Although old, Mellanox ConnectX-3 has been a good card with decent performance and a good price on second-hand markets. This makes it the straightforward choice for a high-performance home or lab network. (If you intend to run InfiniBand on ESXi 7.0 or higher, go for CX4.) Sometimes you would find a card with a strange firmware or one not compatible with your existent gear. Luckily you can change the port configuration on all CX3 cards with a simple firmware flash. Here’s how.
Recently my ISP fixed the compatibility issues between their Huawei BRAS and my Junos router. After some digging, I managed to get some IPv6 address allocation for all my client devices. Here’s how I achieved it.
Disclaimer: This article assumes you have basic understanding on IPv6 as we are not going to dig into the very details of the IPv6 standards.
This article provides everything you need to setup a local DHCP server on a SRX security device.
Flux Language is the shiny new query language that comes with InfluxDB 2.0. Since it is “the future”, and the OSS (free) version of InfluxDB 2.0 is not getting the old query language support in (at least) the first few versions, I’ve been using Flux Language for some new projects. Meanwhile, the (functional) documentation for both the Flux Language and its support in Grafana does not exist yet. In this post, I’d like to give some examples to quickly address common data processing needs, for both server monitoring and simple BI usages.
Traditional point-to-point site-to-site VPN protocols require extensive setup in certain use cases. For example, if you want shortcuts between branch offices rather than let every packet go through the HQ, then you need to set up a cartesian product of tunnels by hand, which is time-consuming and error prone. So, people want something better, something easy to set up and maintain, and dynamic enough. While there are already a lot dynamic point-to-multipoint or full-mesh site-to-site VPN implementations (e.g. Tinc VPN, ZeroTier) on Linux, you don’t have many choices on these commercial black boxes.
Cisco DMVPN (Cisco Dynamic Multipoint VPN) is one solution to this. Huawei also had their DMVPN-compatible solution called DSVPN (Dynamic Smart VPN). Since the protocol is largely compatible, I’ll just reference it as DMVPN.
It is always a misconception that you can’t access services (management services like HTTP, WinBox or SNMP, and end-user services like SMB or DNS) from a VRF on RouterOS 6.x. In fact, you can, and here’s how you can achieve it.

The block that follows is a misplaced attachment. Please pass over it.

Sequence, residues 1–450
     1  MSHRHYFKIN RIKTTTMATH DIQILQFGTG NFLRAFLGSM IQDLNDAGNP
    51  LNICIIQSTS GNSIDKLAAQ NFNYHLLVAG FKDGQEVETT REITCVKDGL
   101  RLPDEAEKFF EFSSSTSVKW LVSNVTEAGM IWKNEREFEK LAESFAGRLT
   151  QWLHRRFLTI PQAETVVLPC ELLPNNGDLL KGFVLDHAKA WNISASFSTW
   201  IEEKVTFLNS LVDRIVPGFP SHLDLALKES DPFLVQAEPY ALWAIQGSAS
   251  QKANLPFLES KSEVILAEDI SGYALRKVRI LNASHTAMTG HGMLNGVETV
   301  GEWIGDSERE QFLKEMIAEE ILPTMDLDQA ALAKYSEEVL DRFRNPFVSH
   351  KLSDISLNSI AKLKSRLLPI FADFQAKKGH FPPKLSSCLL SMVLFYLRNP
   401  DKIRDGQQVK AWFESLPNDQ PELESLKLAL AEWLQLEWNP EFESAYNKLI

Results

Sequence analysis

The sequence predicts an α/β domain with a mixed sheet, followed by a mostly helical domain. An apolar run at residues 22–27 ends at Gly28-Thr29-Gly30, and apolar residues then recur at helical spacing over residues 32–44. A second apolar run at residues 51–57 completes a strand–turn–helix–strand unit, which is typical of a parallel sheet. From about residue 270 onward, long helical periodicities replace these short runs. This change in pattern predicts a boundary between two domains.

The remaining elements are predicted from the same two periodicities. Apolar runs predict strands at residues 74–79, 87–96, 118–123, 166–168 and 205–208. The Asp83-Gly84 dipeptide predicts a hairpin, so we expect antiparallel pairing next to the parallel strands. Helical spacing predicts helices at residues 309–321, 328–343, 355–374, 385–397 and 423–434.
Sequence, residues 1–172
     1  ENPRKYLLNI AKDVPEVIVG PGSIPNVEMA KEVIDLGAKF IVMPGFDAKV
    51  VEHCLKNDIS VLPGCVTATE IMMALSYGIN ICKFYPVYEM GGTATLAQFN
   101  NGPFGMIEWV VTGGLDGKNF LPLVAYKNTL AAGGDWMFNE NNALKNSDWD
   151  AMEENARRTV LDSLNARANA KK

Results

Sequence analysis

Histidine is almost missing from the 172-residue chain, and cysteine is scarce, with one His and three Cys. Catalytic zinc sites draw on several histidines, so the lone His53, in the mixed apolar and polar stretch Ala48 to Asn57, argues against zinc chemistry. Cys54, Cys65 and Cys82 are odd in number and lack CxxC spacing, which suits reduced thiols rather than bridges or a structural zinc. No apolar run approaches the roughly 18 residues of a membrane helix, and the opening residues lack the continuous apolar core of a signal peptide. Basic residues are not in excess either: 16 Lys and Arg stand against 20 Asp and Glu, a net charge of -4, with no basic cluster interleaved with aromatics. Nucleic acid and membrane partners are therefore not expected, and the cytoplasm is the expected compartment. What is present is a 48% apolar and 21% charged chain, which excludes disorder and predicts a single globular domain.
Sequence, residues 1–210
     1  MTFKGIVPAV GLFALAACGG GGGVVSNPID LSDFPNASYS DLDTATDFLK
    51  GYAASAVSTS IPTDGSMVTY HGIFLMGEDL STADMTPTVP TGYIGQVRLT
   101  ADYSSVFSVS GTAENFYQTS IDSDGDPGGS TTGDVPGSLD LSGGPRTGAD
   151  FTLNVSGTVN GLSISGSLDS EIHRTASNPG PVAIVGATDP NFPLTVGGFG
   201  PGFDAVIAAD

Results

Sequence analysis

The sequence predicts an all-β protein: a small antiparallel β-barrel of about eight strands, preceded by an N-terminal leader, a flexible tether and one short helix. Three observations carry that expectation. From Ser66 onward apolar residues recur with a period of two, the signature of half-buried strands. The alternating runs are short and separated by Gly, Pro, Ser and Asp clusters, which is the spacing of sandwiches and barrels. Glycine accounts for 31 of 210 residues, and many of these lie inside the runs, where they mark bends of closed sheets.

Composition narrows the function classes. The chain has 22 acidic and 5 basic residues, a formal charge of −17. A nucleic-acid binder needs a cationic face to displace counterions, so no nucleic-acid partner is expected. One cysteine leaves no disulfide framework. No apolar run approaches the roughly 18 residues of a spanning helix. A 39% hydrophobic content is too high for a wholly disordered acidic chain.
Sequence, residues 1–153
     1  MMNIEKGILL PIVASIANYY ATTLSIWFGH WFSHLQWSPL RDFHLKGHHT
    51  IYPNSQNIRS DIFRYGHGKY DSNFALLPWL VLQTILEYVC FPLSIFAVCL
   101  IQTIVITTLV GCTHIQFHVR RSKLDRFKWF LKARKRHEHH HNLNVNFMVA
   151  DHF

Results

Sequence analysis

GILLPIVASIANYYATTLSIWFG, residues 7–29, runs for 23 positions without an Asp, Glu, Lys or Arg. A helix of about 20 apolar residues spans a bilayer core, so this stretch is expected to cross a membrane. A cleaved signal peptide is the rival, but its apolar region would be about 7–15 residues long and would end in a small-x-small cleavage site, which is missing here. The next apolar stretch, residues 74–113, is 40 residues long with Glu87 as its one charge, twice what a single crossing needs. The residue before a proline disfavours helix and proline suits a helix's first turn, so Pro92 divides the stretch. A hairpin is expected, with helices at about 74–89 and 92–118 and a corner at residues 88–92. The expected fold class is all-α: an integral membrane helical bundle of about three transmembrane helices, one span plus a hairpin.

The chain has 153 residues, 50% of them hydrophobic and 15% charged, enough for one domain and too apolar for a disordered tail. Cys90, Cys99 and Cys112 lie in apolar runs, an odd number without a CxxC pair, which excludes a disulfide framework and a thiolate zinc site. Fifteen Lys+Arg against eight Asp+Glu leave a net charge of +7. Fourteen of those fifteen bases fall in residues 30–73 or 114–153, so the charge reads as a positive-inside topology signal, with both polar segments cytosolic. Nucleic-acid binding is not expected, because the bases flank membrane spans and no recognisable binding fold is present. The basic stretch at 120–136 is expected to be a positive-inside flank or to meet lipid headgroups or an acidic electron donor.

How It Started
I screwed up a vCenter instance. Actually it is pretty easy to screw up the state-of-the-art hypervisor controller from its beautifully designed web UI, using the appealing buttons that always have been there. The process only requires 2 simple steps:
A SRX is a “security device”, or as we call it conventionally, a firewall. Modern layer-3 firewalls route packets just like a router, but unlike a router, a firewall can organize packets into connections (flows) and run ACLs on the entire flow. This unique functionality is the fundamental building block of every “advanced” security feature offered by a firewall: dynamic NAT (PAT/NPT), zone-based firewall (ZBFW), ACLs for in or out connections only, L7 filtering, etc. For the connection (flow) tracking to work, all the packets in a connection must go through the same device, and the 5-tuple of all the packets in a connection must be of expected values, which usually means:
- The packets from A to B and the packets from B to A must all go through the firewall at some point
- There shouldn’t be single-sided stateless NAT happening on the route
This was never an issue when everyone was single-homed and all the routers had only one routing table. But not today. SRXs now have built-in support for virtual routers which can create an asymmetric flow easily. Let’s look at this simplified topology:
Cisco Aironet 1800i is a cute little device that is just a little smaller than my hand. They are light in weight, not very hot (not a good replacement of the old 3502i model if you also have a cat around your home) and require less power to operate. I recently got one 1800i in my room, so I’d like to write a little about this model since it is so different from the old PowerPC-based ones.
VXLAN has been around for a while, so how do router vendors support it? Well, let’s use a dead simple topology to test them out.
Our setup today:
- All routers connected to the same dumb switch using IP range 169.254.0.0/24
- Multicast signaling on address 22.214.171.124, No PIM
- VXLAN UDP port 4789
- Network 10.0.0.0/24 on VNI 5000 (layer 3 termination / inter-VXLAN routing)